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Multi-million dollar research project is designed to mislead malaria mosquitoes with odour

28.06.2005


An international team of scientists will in the coming five years set up a research project on developing diversions to mislead malaria mosquitoes with odours. With these the number of cases of malaria in tropical Africa may be reduced strongly. Scientists at Wageningen University will be working with colleagues in the USA, Tanzania and Gambia on a project led by Vanderbilt researchers that has received $8.5 million dollars (approximately 7 million Euro) from the U.S. Foundation for the National Institutes of Health and the Bill and Melinda Gates Foundation as part of their Grand Challenges in Global Health Initiative.

In the team are scientists from Vanderbilt University, Yale University and Wageningen University who will be co-operating with researchers from the Ifakara Health Research and Development Centre in Tanzania and the Medical Research Council Laboratories in Gambia (Africa). They aim at reducing the population of malaria transferring mosquitoes by setting up odour traps and effective repellents that keep malaria mosquitoes away from potential human hosts. In this fashion, they hope that the risk of malaria transfer may be reduced substantially.

To find a proper host (the human being) female malaria mosquitoes head for the odours they intercept with their antennas. After they recognise the host’s odour, they suck up blood that hey need for egg production. As the mosquito is drawing blood, parasites from the mosquito enter the human body. A small percentage of malaria mosquitoes are infected by the Plasmodium parasite. These parasites (Plasmodium spp.) are responsible for the malaria disease. When an infected person, after an incubation period of ten to fourteen days, is bitten again by a mosquito, the malaria parasite is transmitted to the mosquito and so is spread more widely throughout the mosquito population. The change for other people of being infected will increase. The number of malaria cases is world-wide between 300 and 660 million per year and is the most important life-threatening disease in the world, causing more than a million fatal victims pro year.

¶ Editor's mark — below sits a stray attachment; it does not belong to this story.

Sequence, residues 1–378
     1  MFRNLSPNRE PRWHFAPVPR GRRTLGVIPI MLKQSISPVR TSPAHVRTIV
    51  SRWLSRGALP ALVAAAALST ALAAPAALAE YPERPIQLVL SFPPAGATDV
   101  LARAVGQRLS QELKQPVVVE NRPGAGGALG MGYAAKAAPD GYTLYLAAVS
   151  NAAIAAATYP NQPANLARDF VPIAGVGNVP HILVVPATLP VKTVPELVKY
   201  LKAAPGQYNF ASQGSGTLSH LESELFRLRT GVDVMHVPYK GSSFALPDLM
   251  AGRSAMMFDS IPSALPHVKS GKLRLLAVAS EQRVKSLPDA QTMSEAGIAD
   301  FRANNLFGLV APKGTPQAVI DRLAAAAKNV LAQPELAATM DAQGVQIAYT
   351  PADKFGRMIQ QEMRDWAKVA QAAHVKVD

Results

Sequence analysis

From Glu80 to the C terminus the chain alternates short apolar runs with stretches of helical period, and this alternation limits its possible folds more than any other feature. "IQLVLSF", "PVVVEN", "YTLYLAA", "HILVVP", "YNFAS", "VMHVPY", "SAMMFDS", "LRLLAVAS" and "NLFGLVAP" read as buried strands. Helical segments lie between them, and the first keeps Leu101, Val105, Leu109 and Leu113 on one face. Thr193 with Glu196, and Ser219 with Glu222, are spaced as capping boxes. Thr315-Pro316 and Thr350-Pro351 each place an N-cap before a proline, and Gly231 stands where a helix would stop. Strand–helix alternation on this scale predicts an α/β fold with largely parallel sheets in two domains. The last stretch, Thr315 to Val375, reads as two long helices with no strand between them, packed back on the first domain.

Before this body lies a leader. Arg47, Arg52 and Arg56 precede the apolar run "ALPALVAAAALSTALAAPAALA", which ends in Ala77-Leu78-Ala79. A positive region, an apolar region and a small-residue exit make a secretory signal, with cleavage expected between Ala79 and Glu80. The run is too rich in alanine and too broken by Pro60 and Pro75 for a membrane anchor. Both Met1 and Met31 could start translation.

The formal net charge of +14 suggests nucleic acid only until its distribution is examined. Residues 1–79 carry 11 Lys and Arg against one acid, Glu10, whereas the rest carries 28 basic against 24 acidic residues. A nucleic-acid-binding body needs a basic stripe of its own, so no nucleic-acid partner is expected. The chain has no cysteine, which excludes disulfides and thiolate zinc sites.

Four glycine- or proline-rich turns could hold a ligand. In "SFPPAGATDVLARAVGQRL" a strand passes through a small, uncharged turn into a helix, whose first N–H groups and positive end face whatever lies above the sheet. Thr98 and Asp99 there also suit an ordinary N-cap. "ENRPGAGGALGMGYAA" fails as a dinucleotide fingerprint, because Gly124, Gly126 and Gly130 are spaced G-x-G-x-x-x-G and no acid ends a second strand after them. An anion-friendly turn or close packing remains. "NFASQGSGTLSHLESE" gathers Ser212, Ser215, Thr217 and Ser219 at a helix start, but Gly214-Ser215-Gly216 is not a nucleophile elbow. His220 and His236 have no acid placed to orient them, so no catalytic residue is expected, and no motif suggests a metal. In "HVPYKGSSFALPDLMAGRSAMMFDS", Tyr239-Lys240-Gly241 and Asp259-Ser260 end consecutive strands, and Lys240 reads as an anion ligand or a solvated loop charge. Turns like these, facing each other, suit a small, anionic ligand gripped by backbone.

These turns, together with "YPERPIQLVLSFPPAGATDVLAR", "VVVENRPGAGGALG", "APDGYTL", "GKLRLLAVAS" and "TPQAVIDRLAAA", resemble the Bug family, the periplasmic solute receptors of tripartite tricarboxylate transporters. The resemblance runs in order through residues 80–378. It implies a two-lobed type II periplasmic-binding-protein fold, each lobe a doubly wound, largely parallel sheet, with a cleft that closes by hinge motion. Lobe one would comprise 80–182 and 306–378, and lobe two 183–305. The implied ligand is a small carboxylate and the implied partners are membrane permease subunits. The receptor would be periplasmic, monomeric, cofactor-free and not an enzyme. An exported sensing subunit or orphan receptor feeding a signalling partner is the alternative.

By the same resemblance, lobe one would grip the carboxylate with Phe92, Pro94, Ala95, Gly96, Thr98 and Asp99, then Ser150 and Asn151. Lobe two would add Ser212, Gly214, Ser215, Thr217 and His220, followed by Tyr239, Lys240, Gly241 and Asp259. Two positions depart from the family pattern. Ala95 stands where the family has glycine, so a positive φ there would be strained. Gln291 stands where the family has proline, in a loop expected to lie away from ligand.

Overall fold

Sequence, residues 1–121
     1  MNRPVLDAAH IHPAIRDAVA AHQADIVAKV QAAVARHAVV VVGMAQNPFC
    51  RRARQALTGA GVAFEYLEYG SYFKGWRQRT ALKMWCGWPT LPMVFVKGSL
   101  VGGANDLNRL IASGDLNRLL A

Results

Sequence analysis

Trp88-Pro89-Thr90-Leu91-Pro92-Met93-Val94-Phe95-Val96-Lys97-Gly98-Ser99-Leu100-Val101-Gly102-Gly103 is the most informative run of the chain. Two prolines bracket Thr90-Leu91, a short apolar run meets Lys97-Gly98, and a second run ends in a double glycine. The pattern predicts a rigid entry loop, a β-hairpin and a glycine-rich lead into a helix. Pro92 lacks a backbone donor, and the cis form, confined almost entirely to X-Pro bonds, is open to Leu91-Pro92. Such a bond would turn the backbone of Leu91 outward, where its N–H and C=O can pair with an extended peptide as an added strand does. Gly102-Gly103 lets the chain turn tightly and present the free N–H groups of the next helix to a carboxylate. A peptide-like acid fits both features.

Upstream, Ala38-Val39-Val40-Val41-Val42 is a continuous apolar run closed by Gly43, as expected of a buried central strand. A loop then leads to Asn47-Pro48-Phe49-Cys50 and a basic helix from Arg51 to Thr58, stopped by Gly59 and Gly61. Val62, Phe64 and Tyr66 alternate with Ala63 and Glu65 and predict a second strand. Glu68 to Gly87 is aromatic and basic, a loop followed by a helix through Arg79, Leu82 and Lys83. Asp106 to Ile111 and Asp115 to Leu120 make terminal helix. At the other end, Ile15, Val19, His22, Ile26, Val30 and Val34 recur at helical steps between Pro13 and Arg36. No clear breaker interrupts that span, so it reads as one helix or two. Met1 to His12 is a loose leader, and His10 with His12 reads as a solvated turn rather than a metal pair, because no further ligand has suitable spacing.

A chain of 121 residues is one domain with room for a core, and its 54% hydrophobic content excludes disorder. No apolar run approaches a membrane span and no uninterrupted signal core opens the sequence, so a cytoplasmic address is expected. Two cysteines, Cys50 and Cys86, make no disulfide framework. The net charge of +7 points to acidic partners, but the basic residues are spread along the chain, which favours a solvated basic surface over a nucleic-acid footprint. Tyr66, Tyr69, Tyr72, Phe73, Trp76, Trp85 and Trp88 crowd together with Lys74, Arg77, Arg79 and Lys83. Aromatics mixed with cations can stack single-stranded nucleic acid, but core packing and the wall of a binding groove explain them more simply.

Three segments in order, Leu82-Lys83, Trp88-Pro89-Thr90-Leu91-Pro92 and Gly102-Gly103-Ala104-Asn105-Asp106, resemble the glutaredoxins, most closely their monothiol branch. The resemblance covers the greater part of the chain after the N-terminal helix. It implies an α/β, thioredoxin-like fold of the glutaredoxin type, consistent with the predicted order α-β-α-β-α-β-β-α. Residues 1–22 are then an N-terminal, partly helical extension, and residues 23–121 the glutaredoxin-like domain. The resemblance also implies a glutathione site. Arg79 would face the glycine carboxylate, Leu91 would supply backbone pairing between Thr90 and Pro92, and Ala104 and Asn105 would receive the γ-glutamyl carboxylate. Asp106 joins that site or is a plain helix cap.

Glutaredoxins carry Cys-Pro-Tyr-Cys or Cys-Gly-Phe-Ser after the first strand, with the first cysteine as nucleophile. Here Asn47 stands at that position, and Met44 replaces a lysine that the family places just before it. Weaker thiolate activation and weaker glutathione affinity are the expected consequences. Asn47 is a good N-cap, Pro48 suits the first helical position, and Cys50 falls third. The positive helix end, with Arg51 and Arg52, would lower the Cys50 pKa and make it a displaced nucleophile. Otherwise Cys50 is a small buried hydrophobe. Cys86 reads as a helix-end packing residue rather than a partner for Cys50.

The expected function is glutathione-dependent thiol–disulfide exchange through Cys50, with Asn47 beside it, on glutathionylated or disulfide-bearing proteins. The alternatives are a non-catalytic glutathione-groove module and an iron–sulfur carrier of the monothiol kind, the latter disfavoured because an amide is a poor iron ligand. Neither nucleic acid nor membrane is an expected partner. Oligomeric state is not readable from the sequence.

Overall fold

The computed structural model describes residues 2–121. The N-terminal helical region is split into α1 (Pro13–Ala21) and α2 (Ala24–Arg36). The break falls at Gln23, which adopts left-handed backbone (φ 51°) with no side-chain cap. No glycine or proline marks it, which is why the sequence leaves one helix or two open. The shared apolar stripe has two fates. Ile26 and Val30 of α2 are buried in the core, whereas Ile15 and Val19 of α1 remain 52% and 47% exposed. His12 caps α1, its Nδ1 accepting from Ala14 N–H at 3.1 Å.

Odour Insect Trap

The malaria mosquito Anophels gambiae heads for a complex of odours to find a host. The research team of Vanderbuilt University (Nashville, Tennessee) and Yale University (New Haven, Connecticut) in the USA will develop odour material for which the mosquito antennas are very sensitive. This team will identify and test either attractive or repellent odour materials or materials causing confusion. After that the Wageningen University team will look at the effect of the interesting odour materials from the American research on mosquito behaviour. The materials (substances) giving the strongest reaction (attracting, repelling or causing confusion) will then be tested in a simulated natural situation in Ifakara, Tanzania. The ideal blend of odours will find its way to African villages for full-scale, practical tests as part of the project. The villages are located in the Gambia and Tanzania and are situated in different geographical extremes with different mosquito populations. The results of the research project should therefore be applicable for much of tropical Africa. If the experiments are successful African households will have an added degree of protection provided by strong new repellents or odorants that confuse the mosquito’s sense of smell, causing less mosquito biting, while outside the villages insect traps are baited with attractive odorants that the insects can’t ignore. The ultimate goal is to reduce malaria transmission by the use of odorant devices.

The eventual products can be deployed against other pathogenic mosquitoes, such as the mosquito Aedes aegypti spreading dengue fever and against Culex pipiens, carrier of the West-Nile virus.

Earlier this month news spread about a new biological approach for fighting malaria mosquitoes developed by the entomology team of Wageningen University. Its research identified a fungus that seriously weakens or kills the mosquitoes before they can infect people with malaria parasites. This illustrates the fact that the Wageningen team is working on several methods of fighting the malaria mosquito that could be combined to form an integrated strategy for fighting this deadly disease.

Jac Niessen | alfa
Further information:
http://www.wur.nl

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